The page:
Two Oil-Services Names Have 'Killer Apps'

 | Jun 23, 2014 | 3:30 PM EDT
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Water management has been a part of oil drilling since the 19th century, but the advent of hydraulic fracturing has brought this service to the forefront. There are three main steps to the management of water in the drilling process:

  • Getting water to the well --"water transfer" -- in sufficient quantities to send downhole (along with proppant) to stimulate fractures in the rock.
  • Managing the "flowback" water that comes back up through the pipe -- along with frack fluid -- immediately after the fractures are stimulated.
  • Dealing with the "production" water that will flow to the surface along with the hydrocarbons (in increasing proportion as the well ages) for the life of the well.

I'm going to focus on two companies here, HII Technologies (HIIT) and GreenHunter Resources (GRH). HII Technologies focuses on the first two steps, water transfer and flowback, while GreenHunter provides a multitude of water services but adds most value in steps two and three, i.e., management of flowback and production water.

I'll go into full details on the two companies tomorrow (including the drivers behind GreenHunter's 70% stock price rise in the last 11 trading days), but for now I'll discuss technology.

HII Technologies' biggest business is water transfer. It's a simple business, not capital-intensive and easy to value, as the company gets paid by the foot of pipe or hose used to get the water from a source (usually a river or pond) to the well site.

But the killer app for HII Technologies is an evaporation technology for which is has an exclusive license for Texas and Oklahoma (from privately held Resource West.) HII Technologies' contract allows it to market the Landshark and Barracuda evaporators in those two states, which account for 61% of U.S. oil production.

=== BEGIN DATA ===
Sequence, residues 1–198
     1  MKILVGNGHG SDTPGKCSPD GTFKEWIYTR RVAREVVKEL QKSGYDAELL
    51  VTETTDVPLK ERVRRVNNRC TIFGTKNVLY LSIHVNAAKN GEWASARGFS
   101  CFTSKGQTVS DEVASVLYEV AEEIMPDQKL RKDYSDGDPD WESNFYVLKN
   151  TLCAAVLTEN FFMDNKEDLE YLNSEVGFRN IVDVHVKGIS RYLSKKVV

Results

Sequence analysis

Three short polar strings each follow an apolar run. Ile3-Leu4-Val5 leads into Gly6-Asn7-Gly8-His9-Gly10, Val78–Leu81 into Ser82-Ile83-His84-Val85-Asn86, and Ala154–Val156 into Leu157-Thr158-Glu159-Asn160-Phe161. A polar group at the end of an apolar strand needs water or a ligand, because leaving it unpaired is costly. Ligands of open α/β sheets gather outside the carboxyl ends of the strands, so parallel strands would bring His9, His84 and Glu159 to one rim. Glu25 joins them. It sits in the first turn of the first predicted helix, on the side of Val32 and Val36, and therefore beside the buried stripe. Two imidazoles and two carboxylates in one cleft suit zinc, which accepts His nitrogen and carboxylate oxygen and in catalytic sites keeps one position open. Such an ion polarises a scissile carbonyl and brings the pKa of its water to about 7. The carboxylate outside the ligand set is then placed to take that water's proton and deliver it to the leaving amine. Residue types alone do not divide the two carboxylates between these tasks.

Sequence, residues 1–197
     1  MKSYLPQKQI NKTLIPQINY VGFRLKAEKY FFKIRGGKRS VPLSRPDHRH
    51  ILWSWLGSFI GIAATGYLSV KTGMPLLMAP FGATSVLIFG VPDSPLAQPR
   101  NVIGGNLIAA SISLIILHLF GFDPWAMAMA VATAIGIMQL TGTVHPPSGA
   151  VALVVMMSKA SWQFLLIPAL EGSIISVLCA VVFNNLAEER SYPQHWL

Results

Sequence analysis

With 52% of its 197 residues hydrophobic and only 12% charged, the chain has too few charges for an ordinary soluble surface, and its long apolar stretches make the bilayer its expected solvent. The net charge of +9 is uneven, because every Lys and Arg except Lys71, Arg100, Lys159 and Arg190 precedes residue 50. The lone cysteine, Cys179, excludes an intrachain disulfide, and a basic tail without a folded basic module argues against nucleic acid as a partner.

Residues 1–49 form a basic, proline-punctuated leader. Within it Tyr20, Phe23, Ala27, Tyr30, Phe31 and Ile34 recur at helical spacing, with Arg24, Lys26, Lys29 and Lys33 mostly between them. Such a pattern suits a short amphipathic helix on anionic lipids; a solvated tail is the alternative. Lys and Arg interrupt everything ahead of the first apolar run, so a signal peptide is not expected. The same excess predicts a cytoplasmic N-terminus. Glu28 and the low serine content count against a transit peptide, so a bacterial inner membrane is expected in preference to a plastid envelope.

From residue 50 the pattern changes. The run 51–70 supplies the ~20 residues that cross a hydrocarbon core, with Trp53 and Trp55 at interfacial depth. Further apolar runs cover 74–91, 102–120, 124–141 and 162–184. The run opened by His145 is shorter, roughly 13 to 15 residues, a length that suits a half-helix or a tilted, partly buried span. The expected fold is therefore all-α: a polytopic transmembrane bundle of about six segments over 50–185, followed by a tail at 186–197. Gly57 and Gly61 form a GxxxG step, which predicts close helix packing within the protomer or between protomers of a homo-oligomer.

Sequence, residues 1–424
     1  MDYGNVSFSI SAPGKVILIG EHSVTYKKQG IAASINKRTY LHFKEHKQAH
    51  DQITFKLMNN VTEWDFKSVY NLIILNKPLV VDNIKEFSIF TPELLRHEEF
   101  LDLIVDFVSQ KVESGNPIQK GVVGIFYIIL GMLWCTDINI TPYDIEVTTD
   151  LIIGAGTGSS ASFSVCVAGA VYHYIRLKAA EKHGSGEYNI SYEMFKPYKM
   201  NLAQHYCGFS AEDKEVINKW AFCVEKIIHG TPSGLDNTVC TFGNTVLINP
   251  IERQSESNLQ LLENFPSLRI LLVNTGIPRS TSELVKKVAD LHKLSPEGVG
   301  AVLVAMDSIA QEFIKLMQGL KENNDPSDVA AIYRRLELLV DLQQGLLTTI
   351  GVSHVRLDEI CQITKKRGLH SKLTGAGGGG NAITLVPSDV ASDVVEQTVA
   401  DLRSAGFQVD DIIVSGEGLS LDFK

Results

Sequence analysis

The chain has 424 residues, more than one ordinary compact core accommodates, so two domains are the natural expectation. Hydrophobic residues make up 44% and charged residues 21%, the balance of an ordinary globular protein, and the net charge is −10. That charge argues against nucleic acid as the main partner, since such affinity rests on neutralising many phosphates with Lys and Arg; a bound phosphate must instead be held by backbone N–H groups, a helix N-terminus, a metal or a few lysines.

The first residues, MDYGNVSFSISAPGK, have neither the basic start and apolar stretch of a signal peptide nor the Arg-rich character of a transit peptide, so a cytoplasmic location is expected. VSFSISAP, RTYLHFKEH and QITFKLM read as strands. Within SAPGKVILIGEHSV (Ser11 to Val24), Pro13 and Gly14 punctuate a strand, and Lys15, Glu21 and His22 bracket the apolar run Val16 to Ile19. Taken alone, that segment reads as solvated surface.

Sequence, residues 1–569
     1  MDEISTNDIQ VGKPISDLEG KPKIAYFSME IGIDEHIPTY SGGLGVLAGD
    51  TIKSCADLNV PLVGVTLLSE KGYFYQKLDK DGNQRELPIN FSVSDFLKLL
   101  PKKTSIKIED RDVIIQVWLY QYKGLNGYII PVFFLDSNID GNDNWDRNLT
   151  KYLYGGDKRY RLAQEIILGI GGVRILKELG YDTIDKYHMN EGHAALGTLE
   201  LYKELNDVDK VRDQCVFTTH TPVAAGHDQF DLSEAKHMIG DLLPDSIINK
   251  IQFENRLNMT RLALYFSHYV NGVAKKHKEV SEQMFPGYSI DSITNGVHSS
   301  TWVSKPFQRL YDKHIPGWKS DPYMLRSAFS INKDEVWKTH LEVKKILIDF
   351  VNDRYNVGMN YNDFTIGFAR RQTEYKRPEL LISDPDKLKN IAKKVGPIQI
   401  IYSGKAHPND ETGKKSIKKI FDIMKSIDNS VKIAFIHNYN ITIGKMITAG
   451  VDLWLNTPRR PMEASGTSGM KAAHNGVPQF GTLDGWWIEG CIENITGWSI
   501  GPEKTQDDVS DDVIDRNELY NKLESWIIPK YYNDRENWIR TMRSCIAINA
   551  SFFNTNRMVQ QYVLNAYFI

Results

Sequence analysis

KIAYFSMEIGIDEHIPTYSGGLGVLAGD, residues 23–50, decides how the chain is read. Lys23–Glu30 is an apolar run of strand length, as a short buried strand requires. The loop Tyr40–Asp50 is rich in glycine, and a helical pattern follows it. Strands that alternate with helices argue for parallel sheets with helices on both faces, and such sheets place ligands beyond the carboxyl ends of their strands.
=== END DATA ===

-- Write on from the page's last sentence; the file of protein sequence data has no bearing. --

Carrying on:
It's a really simple idea, but the ability of the Landshark (the bigger of the two evaporators) to spray water through the air at 110 gallons per minute into an evaporation pond is a "green" advantage. The water returns to the atmosphere, from whence it came.

Of course, there is some residual fluid (HII Technologies' management refers to it as "sludge") that doesn't evaporate and must be disposed. That residual represents two disposal truckloads. Contrast that with disposing all of the water, which requires roughly 300 truckloads to the disposal well, and one can see that evaporation generates huge savings. The company's management estimates the cost savings at 40% to 50%.

GreenHunter's killer app involves a technology that emerged thousands of years before the advent of drilling for hydrocarbons: waterborne transportation. GreenHunter's basic business is operating salt-water disposal wells (SWDs). Much like HII Technologies' water-transfer business, it's simple and highly necessary, and it also requires the trucking of water from the productive well to the SWD.

In an effort to reduce that truck traffic, GreenHunter has bought or leased nine riverside terminals in Pennsylvania, Ohio and West Virginia with the goal of barging flowback and production water down the Ohio River to its SWDs in Southeastern Ohio.

The disposal well situation is farcical in the Marcellus/Utica shale plays. Pennsylvania has more than 55,000 gas wells spread across its Southwest and Northeast quadrants and six disposal wells, none of which is currently operating commercially. Operators in counties such as Susquehanna in Northeast Pennsylvania face the prospect of a trip of more than 200 miles to a disposal facility in Ohio, which is obviously expensive and trucking-intensive.

So, again, here's an idea that can get trucks off the road and, in the process, result in a substantial increase in GreenHunter's margin on disposal. The only impediment to common sense is, you guessed it, the U.S. government. In this case, the U.S. Coast Guard has final say, and the process has gone through the usual hue and cry of commenting, all while other potentially hazardous materials are barged down the Ohio every day. On GreenHunter's last management conference call, COO Kirk Trosclair expressed confidence that the situation would be resolved soon.

The environmental math is simple: Each barge-load of wastewater equates to 400 truckloads (40,000 barrel capacity vs. 100), and that would produce a huge savings in fuel usage and truck emissions.

So there you have it: a technology that reduces 300 truckloads of waste to two, and another that moves 400 truckloads via water, with trucking only needed to the barge terminal itself. Killer apps!

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